Loyalty Pays: Hang On to Your Best Customers
Ferguson refers to loyalty marketing as a science because you can develop a hypothesis, "I can get the customer to spend X amount of dollars," test and retest it. Eventually, you can tie an offer you sent out in the context of a loyalty program to revenue, Ferguson argues, more seamlessly than you can in most mass marketing programs. To measure success, Walczyk looks at key performance indicators like acquisition, conversion and engagement, and also measures the strength of the relationship using a Carlson patented relationship strength index. The index accounts for trust (how much do they actually trust the company?), duration (how long are they in, and are they committed to staying in that relationship?) and alignment (how well we recognize people, and how are they aligned with the organization?).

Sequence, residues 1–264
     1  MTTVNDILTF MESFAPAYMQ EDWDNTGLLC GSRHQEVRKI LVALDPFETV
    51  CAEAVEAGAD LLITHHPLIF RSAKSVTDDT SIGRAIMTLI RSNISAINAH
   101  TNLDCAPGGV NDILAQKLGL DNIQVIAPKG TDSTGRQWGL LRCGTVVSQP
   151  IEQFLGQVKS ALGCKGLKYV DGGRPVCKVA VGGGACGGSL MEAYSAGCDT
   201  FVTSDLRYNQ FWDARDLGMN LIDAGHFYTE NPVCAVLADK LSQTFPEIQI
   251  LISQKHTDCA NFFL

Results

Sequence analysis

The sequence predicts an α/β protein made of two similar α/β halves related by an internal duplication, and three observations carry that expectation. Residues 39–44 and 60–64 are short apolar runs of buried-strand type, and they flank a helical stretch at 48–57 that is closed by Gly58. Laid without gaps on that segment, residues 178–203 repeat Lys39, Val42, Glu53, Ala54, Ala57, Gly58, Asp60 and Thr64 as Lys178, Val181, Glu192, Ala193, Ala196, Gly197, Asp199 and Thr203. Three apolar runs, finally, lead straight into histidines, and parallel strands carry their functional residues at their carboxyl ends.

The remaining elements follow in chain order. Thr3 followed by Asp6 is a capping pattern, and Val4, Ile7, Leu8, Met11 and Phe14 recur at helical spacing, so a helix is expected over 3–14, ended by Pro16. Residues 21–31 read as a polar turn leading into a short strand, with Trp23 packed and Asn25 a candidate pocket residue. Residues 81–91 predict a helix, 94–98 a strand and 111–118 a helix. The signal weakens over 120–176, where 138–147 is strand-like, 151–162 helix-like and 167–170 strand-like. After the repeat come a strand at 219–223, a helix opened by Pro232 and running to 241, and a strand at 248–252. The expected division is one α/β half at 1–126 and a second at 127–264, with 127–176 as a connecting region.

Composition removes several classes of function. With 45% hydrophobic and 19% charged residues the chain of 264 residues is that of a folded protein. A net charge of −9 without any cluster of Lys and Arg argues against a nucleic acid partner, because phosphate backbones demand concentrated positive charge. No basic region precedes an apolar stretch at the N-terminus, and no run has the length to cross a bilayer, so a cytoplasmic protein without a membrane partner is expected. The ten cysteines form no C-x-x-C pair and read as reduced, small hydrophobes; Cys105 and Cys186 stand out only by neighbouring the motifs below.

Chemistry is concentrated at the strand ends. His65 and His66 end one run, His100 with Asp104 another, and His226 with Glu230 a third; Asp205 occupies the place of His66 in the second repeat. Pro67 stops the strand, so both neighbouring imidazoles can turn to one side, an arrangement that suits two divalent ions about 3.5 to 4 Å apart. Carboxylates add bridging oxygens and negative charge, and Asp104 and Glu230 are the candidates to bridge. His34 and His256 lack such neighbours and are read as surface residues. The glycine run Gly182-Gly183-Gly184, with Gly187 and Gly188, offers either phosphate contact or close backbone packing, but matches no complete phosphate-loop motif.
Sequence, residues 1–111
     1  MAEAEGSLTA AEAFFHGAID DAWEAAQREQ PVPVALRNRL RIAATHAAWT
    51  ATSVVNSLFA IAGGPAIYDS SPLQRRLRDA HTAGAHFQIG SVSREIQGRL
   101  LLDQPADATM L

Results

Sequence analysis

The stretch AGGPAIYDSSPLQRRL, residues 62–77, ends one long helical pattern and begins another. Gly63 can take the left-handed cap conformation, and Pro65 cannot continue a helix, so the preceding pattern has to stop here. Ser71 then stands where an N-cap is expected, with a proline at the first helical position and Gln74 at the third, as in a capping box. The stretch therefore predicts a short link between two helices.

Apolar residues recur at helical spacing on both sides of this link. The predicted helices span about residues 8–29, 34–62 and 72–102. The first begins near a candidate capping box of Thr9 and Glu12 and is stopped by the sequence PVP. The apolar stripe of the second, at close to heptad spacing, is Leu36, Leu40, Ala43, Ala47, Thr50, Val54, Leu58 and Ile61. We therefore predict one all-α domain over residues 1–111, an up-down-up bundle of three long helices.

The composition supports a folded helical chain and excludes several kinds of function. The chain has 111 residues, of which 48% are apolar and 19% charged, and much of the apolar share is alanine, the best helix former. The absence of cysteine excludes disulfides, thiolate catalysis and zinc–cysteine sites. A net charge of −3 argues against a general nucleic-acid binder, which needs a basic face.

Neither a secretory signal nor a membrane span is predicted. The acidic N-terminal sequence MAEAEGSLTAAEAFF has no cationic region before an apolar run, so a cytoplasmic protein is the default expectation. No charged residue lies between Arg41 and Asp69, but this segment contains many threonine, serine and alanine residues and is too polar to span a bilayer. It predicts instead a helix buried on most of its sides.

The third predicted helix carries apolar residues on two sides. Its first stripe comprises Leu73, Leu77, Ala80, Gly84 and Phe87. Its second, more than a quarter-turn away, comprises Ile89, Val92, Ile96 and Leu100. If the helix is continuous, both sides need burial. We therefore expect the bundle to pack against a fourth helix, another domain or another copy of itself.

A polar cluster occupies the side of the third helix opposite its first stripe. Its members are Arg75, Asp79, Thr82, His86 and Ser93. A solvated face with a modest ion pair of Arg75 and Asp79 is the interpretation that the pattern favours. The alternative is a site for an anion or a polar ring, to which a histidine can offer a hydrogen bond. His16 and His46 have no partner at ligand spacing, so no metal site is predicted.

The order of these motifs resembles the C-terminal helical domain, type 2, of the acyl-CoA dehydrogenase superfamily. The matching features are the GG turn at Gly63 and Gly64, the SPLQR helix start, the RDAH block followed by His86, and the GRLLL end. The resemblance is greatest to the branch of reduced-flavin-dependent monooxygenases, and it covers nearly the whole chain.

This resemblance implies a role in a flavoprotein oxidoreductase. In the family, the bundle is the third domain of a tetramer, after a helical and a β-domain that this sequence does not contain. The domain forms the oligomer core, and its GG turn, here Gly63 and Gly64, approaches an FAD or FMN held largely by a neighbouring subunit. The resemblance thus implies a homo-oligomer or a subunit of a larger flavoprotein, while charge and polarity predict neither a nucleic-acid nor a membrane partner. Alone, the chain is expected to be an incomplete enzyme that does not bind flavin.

In this economy, there is no question that loyalty programs offer the measurability and results that can add value to your existing customer relationships. "Use best customers to drive any growth that there may possibly be in the marketplace, and really focus on those customers and your core capability in the downturn. While people are actually looking for value, perhaps your company can provide that value," Walczyk concludes.